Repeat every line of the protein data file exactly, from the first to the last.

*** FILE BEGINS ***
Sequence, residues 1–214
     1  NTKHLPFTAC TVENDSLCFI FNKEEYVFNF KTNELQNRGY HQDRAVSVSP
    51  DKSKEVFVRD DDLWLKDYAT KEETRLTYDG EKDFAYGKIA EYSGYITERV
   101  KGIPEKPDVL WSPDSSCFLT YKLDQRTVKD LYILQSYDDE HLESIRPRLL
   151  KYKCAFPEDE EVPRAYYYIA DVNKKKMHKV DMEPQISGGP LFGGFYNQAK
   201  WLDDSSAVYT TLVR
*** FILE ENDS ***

Sequence, residues 1–214
     1  NTKHLPFTAC TVENDSLCFI FNKEEYVFNF KTNELQNRGY HQDRAVSVSP
    51  DKSKEVFVRD DDLWLKDYAT KEETRLTYDG EKDFAYGKIA EYSGYITERV
   101  KGIPEKPDVL WSPDSSCFLT YKLDQRTVKD LYILQSYDDE HLESIRPRLL
   151  KYKCAFPEDE EVPRAYYYIA DVNKKKMHKV DMEPQISGGP LFGGFYNQAK
   201  WLDDSSAVYT TLVR